At any rate, I have been reading a bit about how teachers in blog land make this time consuming responsibility more efficient. I love to make lists when I am thinking through something, so here is my list of how I manage report card season.
1. Student Files - I keep a crate with a file folder for each student. I keep students notes, any important papers, and any assessments that I do not need to refer to frequently or update (i.e. DRAs, Words Their Way assessment, Math Assessments, etc.). This tends to be where papers go after I have used them for determining report card grades and comments.
2. Assessment Binder - I use some of the pieces from Daily 5 and the Literacy CAFE. I keep a record of when I assess each student for sight words, informal running records, and writing conferences. I have a section in the front where I put the date I worked with a student to keep track of how often I reassess. Each student has a section with a Dolch List record to track sight words, a sheet to track spelling words (students have individualized lists), page/pages for running records (the running record is on the left and there is room to comment on teaching points on the right), and a writing conference sheet (observations on the left and teaching points on the right). I also include a CAFE sheet for reading with reading behaviors and a similar sheet with our writing Focus Correction Areas. My goal is to highlight features as students have mastered them. This binder provides a great deal of information for my comments.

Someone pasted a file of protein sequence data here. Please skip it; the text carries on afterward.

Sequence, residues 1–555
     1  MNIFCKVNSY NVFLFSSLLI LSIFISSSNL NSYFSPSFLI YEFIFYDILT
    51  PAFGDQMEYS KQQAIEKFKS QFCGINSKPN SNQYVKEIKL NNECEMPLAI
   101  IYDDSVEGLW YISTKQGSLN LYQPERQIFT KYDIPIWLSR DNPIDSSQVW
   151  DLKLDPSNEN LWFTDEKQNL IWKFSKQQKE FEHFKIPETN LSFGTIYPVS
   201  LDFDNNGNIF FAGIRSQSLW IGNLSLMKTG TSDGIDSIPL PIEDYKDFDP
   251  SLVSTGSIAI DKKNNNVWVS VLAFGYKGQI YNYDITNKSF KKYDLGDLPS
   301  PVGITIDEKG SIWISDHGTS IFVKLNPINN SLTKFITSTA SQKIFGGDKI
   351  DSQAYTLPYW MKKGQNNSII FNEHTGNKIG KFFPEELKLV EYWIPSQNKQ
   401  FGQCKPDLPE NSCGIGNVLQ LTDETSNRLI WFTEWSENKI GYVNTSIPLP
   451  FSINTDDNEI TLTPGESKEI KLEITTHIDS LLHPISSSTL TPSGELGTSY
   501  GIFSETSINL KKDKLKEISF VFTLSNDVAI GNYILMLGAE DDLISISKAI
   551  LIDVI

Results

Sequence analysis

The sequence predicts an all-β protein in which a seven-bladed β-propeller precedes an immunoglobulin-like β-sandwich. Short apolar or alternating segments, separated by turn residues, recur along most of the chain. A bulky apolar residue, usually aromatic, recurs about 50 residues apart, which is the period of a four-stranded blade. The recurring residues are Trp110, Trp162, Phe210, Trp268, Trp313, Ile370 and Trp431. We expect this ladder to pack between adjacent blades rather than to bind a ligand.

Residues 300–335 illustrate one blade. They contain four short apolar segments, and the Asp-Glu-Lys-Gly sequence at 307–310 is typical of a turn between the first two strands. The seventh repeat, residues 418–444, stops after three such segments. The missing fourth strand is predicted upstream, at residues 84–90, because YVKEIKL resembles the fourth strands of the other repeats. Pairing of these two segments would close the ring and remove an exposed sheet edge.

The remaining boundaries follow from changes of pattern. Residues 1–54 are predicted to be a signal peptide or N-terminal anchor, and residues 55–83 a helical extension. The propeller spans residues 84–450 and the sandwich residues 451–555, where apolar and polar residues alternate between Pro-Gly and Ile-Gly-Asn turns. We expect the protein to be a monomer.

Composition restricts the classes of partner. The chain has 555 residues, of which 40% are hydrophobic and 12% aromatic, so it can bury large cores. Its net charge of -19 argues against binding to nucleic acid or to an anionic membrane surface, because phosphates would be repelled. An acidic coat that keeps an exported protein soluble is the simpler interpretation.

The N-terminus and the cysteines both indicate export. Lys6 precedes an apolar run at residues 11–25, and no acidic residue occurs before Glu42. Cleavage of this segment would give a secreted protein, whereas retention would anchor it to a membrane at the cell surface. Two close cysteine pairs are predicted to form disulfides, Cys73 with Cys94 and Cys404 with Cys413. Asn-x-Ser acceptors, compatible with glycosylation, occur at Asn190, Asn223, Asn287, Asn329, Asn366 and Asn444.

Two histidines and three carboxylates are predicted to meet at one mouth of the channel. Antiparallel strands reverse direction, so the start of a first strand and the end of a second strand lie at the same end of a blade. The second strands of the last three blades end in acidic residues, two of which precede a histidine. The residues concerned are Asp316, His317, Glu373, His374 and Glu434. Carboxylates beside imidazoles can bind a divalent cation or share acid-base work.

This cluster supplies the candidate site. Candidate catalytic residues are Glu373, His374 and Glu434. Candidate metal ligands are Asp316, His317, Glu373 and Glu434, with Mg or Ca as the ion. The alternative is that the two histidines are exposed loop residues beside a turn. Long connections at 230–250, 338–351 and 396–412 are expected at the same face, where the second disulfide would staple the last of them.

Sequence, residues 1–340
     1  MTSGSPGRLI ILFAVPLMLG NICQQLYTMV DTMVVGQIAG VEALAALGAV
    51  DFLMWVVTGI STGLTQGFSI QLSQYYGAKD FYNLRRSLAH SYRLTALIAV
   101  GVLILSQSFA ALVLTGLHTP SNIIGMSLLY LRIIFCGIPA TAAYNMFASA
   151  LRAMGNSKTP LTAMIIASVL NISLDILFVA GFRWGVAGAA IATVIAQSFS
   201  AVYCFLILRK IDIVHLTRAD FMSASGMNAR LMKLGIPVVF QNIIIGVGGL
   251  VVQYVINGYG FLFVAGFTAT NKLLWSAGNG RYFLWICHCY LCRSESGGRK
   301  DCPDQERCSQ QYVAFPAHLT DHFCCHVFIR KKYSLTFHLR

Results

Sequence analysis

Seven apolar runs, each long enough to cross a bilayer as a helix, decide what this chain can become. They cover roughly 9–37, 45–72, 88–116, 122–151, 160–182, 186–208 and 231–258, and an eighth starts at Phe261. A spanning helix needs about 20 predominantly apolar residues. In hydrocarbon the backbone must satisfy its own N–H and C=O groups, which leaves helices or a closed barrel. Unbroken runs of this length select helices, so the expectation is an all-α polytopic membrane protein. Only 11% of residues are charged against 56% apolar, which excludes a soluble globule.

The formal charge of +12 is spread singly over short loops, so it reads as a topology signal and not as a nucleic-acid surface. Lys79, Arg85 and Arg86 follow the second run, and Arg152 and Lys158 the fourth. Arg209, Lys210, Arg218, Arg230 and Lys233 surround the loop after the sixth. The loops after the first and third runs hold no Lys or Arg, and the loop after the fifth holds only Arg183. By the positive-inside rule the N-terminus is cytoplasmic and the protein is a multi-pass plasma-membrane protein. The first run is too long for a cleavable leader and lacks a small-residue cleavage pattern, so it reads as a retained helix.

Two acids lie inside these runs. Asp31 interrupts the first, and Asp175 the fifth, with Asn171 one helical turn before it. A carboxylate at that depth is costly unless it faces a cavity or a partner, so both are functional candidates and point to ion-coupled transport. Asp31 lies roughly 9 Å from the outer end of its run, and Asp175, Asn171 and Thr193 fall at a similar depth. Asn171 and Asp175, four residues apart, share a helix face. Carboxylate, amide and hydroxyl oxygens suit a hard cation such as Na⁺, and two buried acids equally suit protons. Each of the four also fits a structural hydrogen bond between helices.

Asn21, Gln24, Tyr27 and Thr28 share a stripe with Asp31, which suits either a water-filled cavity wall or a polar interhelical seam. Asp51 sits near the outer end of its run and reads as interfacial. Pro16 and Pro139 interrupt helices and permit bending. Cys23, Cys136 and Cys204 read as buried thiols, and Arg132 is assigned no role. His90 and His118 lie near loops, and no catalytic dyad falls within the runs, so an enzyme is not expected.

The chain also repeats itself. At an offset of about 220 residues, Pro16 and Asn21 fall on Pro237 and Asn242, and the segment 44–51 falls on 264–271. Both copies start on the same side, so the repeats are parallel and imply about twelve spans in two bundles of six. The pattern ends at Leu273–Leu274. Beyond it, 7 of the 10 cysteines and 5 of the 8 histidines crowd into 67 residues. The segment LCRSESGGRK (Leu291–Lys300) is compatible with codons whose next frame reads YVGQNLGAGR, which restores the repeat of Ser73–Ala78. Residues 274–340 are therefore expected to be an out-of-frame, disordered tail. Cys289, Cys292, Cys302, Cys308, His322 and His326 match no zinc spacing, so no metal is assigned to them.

3. Database of Comments - I created one this year. After 5 years of teaching first grade, I felt like I had just run out of things to say. I was spending hours reinventing the wheel, only to end up say the same thing in different ways. Since our cards are web-based, I also found that I would add comments only to find out when the full card was printed with the last semester comments, that I used similar words. I reviewed old cards that I had saved and created general comments that can be customized for students when needed. This has really helped me to focus on making sure that I am not repeating myself and I can comment in a timely fashion, while still saying meaningful things.
4. Set Aside Blocks - This year I went through each student report all at once and then moved on to the next. I ended up completing them in a day and a half. Usually I comment on a section at a time for all students. This allowed me to view everyone with the same eyes, but also made me feel likes I worked on comments for weeks. Not sure what the verdict is in terms of what works best.
5. For Me - chocolate, snacks, coffee, and sappy movies.
What do you do/use to make report cards easier to get through?